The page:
Reading Rape in Livy's History of Rome, Shakespeare's The Rape of Lucrece and J.M. Coetzee's In the Heart of the Country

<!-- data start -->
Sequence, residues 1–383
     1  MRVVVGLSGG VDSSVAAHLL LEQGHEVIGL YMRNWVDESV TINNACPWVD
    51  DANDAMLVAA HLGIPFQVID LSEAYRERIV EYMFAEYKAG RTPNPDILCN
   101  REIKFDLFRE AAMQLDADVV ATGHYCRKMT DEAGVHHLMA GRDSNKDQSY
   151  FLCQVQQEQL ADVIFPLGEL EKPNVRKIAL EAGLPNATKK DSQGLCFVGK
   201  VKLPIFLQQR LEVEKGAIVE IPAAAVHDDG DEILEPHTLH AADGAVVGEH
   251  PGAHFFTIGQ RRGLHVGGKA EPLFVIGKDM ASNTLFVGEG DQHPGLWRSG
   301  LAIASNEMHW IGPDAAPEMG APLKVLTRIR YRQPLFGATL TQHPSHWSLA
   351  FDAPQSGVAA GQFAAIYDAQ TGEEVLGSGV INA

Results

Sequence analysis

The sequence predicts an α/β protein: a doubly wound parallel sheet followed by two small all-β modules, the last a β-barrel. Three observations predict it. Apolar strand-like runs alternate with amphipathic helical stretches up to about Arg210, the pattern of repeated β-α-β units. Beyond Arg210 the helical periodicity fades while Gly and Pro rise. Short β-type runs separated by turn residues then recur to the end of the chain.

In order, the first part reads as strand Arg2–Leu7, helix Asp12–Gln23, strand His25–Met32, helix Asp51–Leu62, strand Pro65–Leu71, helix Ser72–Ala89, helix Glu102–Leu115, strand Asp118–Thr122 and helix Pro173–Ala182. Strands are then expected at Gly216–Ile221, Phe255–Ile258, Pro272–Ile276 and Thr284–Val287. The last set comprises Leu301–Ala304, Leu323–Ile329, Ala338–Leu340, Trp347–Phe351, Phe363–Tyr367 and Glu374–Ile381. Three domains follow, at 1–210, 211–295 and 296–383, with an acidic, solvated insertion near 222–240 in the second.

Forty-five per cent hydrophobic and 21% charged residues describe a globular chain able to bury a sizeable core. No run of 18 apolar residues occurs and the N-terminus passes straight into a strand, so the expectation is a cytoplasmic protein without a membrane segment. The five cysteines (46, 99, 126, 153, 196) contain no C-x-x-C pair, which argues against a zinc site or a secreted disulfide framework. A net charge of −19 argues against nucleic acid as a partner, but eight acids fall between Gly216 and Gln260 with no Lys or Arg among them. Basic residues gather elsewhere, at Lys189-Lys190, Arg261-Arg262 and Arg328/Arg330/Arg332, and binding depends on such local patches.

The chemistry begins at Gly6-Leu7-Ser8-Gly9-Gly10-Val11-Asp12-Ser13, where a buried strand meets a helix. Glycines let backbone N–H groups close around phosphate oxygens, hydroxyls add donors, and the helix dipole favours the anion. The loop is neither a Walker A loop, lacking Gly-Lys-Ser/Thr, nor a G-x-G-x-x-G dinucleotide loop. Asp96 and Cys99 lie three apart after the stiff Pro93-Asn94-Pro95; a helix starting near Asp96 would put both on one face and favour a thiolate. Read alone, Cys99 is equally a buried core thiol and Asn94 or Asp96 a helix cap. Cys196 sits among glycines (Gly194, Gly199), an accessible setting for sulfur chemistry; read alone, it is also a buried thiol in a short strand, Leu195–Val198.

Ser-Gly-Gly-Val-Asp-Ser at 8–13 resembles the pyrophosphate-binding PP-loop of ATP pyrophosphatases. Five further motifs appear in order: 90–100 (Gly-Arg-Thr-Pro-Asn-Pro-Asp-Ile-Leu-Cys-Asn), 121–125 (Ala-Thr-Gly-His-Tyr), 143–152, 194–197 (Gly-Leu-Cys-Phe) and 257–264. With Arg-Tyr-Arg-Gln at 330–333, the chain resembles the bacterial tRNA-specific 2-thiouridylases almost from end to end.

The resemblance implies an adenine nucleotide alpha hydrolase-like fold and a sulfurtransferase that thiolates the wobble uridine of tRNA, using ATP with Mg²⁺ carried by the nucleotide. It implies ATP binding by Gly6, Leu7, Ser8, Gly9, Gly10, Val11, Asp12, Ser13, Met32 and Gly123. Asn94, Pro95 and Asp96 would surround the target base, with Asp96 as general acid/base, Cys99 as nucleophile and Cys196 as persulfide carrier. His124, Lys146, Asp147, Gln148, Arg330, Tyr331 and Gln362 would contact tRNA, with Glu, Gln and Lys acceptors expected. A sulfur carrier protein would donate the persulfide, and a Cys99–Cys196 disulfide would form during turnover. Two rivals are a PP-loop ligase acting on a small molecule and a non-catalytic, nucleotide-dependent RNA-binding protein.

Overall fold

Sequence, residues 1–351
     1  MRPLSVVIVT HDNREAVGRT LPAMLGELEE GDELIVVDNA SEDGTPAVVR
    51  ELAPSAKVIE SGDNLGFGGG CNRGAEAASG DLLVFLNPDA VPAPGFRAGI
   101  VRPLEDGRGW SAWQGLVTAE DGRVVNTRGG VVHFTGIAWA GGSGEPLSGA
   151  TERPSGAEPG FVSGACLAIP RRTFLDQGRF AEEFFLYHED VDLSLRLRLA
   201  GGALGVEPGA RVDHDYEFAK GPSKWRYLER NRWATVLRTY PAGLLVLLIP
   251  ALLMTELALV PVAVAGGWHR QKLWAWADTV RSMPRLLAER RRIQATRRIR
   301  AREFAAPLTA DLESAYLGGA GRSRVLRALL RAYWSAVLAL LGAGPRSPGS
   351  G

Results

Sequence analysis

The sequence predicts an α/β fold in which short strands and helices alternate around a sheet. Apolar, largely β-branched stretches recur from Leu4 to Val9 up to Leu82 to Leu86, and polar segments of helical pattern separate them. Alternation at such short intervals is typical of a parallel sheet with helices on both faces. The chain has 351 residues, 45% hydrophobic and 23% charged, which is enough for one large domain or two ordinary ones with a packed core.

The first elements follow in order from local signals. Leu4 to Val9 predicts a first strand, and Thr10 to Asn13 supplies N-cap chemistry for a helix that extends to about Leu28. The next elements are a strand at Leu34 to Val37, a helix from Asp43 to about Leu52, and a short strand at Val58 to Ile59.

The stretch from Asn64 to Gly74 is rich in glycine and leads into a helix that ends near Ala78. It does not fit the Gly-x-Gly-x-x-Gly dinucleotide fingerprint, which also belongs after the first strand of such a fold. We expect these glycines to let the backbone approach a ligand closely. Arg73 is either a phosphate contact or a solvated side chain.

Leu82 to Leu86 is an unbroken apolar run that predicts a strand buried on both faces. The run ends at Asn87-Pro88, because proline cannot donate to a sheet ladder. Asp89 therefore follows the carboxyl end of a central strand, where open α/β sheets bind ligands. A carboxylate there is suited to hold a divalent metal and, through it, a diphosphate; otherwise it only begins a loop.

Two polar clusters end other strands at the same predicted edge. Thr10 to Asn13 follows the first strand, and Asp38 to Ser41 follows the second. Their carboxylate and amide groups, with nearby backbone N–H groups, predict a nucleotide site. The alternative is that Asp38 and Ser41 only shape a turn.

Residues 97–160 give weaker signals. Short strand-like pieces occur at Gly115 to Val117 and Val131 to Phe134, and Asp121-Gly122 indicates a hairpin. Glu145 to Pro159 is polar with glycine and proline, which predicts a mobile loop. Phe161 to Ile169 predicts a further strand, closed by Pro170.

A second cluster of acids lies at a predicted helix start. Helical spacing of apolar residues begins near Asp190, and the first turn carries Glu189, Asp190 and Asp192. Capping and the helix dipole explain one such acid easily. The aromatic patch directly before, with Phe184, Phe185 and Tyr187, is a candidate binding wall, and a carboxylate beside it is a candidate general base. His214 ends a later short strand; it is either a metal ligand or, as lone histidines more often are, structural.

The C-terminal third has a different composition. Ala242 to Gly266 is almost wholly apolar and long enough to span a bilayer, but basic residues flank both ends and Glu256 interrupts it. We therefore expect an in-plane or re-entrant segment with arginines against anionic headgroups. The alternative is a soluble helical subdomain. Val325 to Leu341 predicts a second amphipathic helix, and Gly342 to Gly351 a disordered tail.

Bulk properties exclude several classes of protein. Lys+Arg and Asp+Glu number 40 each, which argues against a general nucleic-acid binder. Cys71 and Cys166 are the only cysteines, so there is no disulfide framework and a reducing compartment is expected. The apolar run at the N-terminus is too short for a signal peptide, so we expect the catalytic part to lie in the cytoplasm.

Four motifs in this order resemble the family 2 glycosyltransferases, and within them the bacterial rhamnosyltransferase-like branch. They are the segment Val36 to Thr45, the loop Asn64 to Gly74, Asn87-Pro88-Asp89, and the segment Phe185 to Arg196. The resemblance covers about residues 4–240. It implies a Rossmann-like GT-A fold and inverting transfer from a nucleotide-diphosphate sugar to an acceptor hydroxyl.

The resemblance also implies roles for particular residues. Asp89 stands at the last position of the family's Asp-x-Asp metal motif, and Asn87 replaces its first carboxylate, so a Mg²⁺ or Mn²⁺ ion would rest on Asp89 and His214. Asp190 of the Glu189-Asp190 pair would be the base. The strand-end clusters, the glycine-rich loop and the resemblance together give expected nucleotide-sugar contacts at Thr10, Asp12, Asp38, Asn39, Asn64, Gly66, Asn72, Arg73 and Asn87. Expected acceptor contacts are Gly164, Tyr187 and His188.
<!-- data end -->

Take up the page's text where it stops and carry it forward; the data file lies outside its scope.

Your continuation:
Mieke Bal argues that rape "takes place inside. In this sense, rape is by definition imagined; it can exist only as experience and as memory, as image translated into signs, never adequately 'objectifiable'" (100). In this thesis, by critically examining some ways in which rape has been made to seem objectifiable in literature, I argue that rape cannot simply be 'seen' from a "point-of-viewless" (Rooney 89) perspective. My argument supports Catharine A. MacKinnon's call for a rethinking of rape-related "legal process as one involving a choice between incommensurate meanings rather than one of uncovering a (temporarily hidden) fact, the Truth" (Rooney 90). I argue that, in Livy's History of Rome and Shakespeare's The Rape of Lucrece, rape is portrayed as an objectifiably visible spectacle; the rape victim's description of rape functions in a capacity analogous to testimony, supporting "rape law's assumption that a single, objective state of affairs existed" (MacKinnon 654); and the rape victim's post-rape, self-inflicted violence functions as a form of self-punishment which references historically specific correlations between female unchastity and socio-political calamity. In contrast, I argue that, in J.M. Coetzee's novel In the Heart of the Country, the narration discourages readers from accepting the objectifiability of the rape which it relates; the narrator's "meditations" (Gallagher 82) deviate from the conventions of testimony, expressing instead the "incommensurate meanings" (Rooney 90) that rape holds for the victim herself; and the descriptions of violence, abuse, and victim response present the chance for readers to interpret the aftermath of rape in a manner other than that which "conveys the idea that the victim is responsible for her own destruction" (Bal 100).